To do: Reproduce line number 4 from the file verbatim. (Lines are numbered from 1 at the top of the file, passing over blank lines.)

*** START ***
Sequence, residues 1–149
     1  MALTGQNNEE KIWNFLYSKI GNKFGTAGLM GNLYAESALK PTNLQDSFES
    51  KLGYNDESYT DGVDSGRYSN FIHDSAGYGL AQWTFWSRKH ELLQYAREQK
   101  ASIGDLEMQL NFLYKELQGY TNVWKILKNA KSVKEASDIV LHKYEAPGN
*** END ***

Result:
   101  ASIGDLEMQL NFLYKELQGY TNVWKILKNA KSVKEASDIV LHKYEAPGN